While the minimum wage in Mexico is about $5 a day (not per hour), employees have a tremendous amount of protection.

Of course, the person needs to know her rights and exercise them. When she does, she tends to prevail.

Workers in Mexico continue to have more rights provided by the government. (Image: Kathryn Reed)

The document between employer and employee ending the work relationship is called a finiquito. It translates to mean settlement.

Nowadays a finiquito is needed to show at closing when selling a home. This proves that a gardener, housekeeper and the like have been paid what they are owed by the seller of the property.

This final payment takes into consideration vacation, sick and vacation time that most likely was never paid during the time of employment. Most of these domestic workers receive an hourly cash payment without a contract ever being signed.

When someone has worked for years, that final dollar amount can be substantial. And for some gringos (since they are usually the ones doing the hiring), that “bill” can come as a surprise.

A finiquito can even be demanded by a family member of a worker who died, even if the death wasn’t on the job.

According to iclg.com, “Only when the employer rescinds the employment due to the cause of termination stated by the (Mexican Federal Labor Law), it is not obligated to pay the severance. Otherwise, if the employer terminates the labor relationship without reasons for termination, the severance payment will have to be paid. Severance consists of the payment of three months’ integrated salary, plus 20 days of integrated salary per year of service (integrated service is calculated by adding to the salary all benefits and payments earned by the employee), as well as seniority premium.”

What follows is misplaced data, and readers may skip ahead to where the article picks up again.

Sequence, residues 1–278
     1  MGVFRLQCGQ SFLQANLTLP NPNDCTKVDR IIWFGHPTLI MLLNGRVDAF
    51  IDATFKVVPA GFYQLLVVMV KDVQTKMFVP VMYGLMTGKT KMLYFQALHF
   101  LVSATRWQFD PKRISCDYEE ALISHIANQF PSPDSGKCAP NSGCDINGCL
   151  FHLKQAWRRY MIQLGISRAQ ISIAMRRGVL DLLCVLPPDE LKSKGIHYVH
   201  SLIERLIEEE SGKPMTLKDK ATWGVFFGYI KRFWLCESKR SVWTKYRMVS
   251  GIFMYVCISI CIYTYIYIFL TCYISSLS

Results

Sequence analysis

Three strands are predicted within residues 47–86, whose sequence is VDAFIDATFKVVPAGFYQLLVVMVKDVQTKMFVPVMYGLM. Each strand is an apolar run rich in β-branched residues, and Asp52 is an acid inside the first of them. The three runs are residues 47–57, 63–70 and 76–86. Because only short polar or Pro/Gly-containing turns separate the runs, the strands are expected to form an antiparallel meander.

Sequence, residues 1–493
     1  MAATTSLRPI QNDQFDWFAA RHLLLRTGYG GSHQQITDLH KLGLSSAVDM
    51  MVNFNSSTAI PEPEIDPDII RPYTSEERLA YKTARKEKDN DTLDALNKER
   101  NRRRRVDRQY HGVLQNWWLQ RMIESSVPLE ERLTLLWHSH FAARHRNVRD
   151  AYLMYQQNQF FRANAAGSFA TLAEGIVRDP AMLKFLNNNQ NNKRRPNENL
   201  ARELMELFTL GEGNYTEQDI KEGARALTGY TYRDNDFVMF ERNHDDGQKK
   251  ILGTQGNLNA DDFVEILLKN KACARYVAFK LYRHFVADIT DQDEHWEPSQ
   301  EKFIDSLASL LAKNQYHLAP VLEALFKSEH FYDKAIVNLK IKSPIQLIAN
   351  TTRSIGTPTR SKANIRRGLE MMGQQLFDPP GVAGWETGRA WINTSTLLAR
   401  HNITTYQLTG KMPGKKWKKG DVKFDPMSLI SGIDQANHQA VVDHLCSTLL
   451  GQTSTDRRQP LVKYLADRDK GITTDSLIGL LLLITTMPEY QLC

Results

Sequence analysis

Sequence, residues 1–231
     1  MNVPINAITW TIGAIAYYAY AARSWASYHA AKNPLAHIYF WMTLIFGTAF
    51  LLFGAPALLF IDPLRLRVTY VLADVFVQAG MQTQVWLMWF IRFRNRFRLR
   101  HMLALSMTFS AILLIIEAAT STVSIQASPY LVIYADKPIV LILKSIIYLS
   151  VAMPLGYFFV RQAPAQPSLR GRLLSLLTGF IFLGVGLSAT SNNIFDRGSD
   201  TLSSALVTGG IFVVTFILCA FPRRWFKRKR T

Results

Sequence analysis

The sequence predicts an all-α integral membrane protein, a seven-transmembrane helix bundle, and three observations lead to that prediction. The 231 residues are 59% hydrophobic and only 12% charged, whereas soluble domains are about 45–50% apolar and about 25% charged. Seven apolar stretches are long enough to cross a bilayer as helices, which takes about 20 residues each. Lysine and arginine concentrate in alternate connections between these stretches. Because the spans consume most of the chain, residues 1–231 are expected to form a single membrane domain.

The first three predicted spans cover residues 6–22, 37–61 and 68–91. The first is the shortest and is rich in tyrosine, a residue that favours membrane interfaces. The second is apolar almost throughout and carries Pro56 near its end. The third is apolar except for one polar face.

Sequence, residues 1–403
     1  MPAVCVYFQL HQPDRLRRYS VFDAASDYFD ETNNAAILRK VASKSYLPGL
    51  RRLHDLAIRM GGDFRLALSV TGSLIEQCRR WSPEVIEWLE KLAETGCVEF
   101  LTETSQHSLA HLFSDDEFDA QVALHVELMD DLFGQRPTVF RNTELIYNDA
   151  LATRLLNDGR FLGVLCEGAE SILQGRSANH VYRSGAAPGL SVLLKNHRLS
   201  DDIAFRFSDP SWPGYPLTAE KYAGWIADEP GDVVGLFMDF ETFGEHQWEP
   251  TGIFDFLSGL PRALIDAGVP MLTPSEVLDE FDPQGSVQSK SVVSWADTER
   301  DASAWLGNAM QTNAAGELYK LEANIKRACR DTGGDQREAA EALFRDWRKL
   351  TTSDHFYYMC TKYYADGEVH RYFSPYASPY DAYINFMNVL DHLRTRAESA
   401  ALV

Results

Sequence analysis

Termination for cause is up to the employer to prove.

In May, Mexico’s Congress created more stringent rules to protect domestic workers.

“Hiring a domestic employee will hold the same legal obligations as if you owned a business. The employer will now be required to formalize the employment with a contract, and offer the same rights as any employee in Mexico including a salary based on at least minimum wage, be registered for social security and healthcare, receive holiday bonuses, days off and maternity leave,” according to the MexLaw law firm’s website.

This change has some people in Mexico opting to hire people who work for a company. This way there will never be a finiquito between homeowner and worker because it is up to the business to pay the worker any and all benefits.

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